Developing the Caribbean luxury travel sector
Founded close to a decade ago, Range Developments is an investment and hospitality operator with interests across the East Caribbean – St. Kitts and Nevis, Dominica and Grenada. During this period, Range has assisted over 4,200 individuals with their second citizenship journey and completed two five-star luxury resorts in the region, the Park Hyatt St. Kitts and InterContinental Dominica Cabrits Resort & Spa, with another, the Six Senses La Sagesse in Grenada, set for completion next year.
Despite the pandemic hitting the global travel and tourism hard over the past year, Asaria is bullish on future prospects for luxury travel. “When borders open and it is safe to travel, tourism will roar back,” he said, citing Dubai’s increased tourist inflow over the past few months as an example. More importantly in the Caribbean context, he added, is that the region’s natural resource is tourism.
“This drives its economies. The US, the world’s largest economy, is on their doorstep and provides a captive market.” He believes CBI programmes are the best means of unlocking the region’s tourism potential, which comes from its abundance of beautiful beaches and picturesque vistas, rather than capital markets or significant bank debt. “CBI is the route to drive this industry and ensure job creation as well as the direct/indirect economic impact that hotels provide.”
The Wall Street Journal recommended InterContinental Dominica Cabrits Resort & Spa for its close proximity to one of Dominica’s national parks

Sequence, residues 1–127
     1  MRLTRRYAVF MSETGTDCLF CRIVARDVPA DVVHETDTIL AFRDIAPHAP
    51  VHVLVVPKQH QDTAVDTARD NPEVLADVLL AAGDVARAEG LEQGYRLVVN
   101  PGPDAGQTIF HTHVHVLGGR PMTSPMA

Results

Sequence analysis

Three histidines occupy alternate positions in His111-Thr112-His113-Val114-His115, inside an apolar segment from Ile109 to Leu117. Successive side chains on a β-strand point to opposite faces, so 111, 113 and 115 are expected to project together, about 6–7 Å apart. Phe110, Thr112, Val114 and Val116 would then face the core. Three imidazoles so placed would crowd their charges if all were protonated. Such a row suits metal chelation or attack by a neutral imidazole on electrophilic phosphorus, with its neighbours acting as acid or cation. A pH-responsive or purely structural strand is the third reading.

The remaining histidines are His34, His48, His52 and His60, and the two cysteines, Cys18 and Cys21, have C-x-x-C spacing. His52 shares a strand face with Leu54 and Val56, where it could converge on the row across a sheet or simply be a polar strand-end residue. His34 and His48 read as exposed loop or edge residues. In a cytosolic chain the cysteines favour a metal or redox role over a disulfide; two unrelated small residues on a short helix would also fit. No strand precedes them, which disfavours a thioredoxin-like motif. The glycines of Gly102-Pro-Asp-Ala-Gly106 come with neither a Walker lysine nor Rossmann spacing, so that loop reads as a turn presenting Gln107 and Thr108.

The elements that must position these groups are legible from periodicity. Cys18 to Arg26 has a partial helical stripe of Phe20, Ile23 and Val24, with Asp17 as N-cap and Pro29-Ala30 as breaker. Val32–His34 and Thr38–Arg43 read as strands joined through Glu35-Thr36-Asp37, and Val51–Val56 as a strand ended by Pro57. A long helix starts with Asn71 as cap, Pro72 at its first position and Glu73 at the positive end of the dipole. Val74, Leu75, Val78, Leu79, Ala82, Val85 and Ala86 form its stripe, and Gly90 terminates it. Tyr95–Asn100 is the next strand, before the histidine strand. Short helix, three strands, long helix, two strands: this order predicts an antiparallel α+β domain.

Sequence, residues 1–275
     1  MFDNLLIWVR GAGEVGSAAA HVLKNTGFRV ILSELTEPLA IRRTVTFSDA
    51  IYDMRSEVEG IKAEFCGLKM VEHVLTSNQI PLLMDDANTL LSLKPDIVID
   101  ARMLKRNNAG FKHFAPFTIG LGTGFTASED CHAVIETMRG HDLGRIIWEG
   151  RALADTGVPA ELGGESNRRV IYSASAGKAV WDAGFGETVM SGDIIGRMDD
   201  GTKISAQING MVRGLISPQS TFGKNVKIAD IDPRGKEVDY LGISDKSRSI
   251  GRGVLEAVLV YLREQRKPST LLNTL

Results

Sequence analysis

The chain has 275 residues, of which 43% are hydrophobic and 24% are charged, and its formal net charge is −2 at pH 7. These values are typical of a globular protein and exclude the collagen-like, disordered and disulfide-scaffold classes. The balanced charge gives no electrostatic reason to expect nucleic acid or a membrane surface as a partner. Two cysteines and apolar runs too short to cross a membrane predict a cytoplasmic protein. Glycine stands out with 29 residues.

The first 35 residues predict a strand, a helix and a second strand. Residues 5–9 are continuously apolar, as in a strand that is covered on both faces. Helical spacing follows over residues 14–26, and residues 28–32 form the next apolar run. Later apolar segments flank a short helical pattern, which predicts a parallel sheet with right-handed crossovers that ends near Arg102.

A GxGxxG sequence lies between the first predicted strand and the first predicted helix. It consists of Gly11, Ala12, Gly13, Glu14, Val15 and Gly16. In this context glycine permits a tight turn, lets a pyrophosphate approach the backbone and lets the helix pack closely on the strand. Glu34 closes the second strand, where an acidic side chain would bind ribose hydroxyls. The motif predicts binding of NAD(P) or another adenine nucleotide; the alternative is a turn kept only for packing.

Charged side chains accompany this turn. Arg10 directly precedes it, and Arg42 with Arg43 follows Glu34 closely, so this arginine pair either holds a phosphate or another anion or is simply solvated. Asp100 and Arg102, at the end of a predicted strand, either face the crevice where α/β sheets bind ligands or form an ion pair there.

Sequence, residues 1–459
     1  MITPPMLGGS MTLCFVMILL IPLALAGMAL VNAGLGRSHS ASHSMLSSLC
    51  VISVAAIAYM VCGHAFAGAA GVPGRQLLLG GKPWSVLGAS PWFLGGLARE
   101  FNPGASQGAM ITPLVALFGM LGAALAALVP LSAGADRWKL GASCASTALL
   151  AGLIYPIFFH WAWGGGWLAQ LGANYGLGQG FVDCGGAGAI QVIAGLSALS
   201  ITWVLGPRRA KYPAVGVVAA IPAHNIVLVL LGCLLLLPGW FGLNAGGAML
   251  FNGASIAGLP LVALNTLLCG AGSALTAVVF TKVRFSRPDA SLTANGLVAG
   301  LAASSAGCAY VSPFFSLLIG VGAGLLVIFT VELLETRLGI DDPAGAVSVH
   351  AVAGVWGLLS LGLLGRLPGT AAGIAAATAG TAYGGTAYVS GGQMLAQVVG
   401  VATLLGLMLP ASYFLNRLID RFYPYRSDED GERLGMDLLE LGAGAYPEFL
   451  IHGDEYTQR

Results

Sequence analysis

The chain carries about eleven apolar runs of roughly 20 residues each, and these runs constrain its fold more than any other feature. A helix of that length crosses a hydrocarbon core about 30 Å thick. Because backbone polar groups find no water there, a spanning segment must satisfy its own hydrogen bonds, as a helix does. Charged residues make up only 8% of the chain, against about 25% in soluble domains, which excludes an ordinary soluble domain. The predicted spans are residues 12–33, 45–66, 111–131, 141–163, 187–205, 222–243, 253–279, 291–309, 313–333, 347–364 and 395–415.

The region’s leadership seem to agree with Asaria’s assessment, with the Range website featuring testimonials from the prime ministers of all three Eastern Caribbean states.
However, the pandemic has seen a change in luxury travellers’ expectations. Now, open spaces and distancing has taken on greater priority, says Asaria – echoing a similar sentiment Red Sea Development Company CEO John Pagano shared with Arabian Business last month. “To be successful in the post-coronavirus luxury travel sector, you need to have designed the hotel correctly,” explained Asaria. “Look at our Six Senses Grenada – 100 rooms across 28 acres, 40-plus swimming pools, two beaches, three restaurants – and no corridors or elevators.” Such “natural distancing” is what the post-pandemic luxury tourist is seeking, he adds, and there is a shortage of such properties, not only in the Caribbean but worldwide.
He points to the Maldives and its strong tourism figures over the past six months as evidence the natural distancing concept works.
While there are a number of worldwide CBI spots, Grenada has become particularly popular in recent years, according to Asaria. He cites a number of reasons for this:
“The first is cost efficiency. The $220,000 required investment (plus government fees) must be kept for five years, after which it can be sold to another CBI investor – while the original investor keeps their Grenada citizenship in perpetuity.”
It’s not just cost that’s efficient – the entire process can be done within 90 days, without the investor needing to even set foot in the country.
Finally, Grenada is a signatory to the US E-2 treaty, which means holding a citizenship allows easier access to the States. “Whether or not it’s exercised, the ability for an investor – or their family – to migrate to the US is of critical importance to ultra-high-net-worth individuals.” This, combined with Grenada’s unique visa-free travel access to China, means Grenadians have access to the two largest global economies.
Whether these people are travelling for business or pleasure, the Grenada citizenship certain opens plenty of doors. As of October 2020, citizens have been able to access 144 countries and territories either without a visa, or by receiving one on arrival. These states include the UK, Schengen area, Russia and many others.
Asaria also points out the taxation benefits that come with an E-2 visa. “You aren’t taxed on worldwide income if you spend less than 122 days a year in the US – a massive advantage over other US immigration options such as the EB-5, which sees holders taxed from the outset.”
Mobility and access to the US